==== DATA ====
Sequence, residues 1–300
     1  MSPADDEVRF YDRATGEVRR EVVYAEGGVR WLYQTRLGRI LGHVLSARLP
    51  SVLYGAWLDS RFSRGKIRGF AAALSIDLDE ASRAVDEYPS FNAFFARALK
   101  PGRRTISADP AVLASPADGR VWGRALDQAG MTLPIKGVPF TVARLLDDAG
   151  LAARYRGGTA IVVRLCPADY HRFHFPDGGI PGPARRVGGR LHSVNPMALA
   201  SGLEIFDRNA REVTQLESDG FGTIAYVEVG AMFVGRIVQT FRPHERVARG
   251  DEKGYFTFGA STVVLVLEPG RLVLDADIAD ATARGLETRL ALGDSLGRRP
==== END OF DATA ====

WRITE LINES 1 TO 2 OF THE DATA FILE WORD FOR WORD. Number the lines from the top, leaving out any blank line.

Sequence, residues 1–300
     1  MSPADDEVRF YDRATGEVRR EVVYAEGGVR WLYQTRLGRI LGHVLSARLP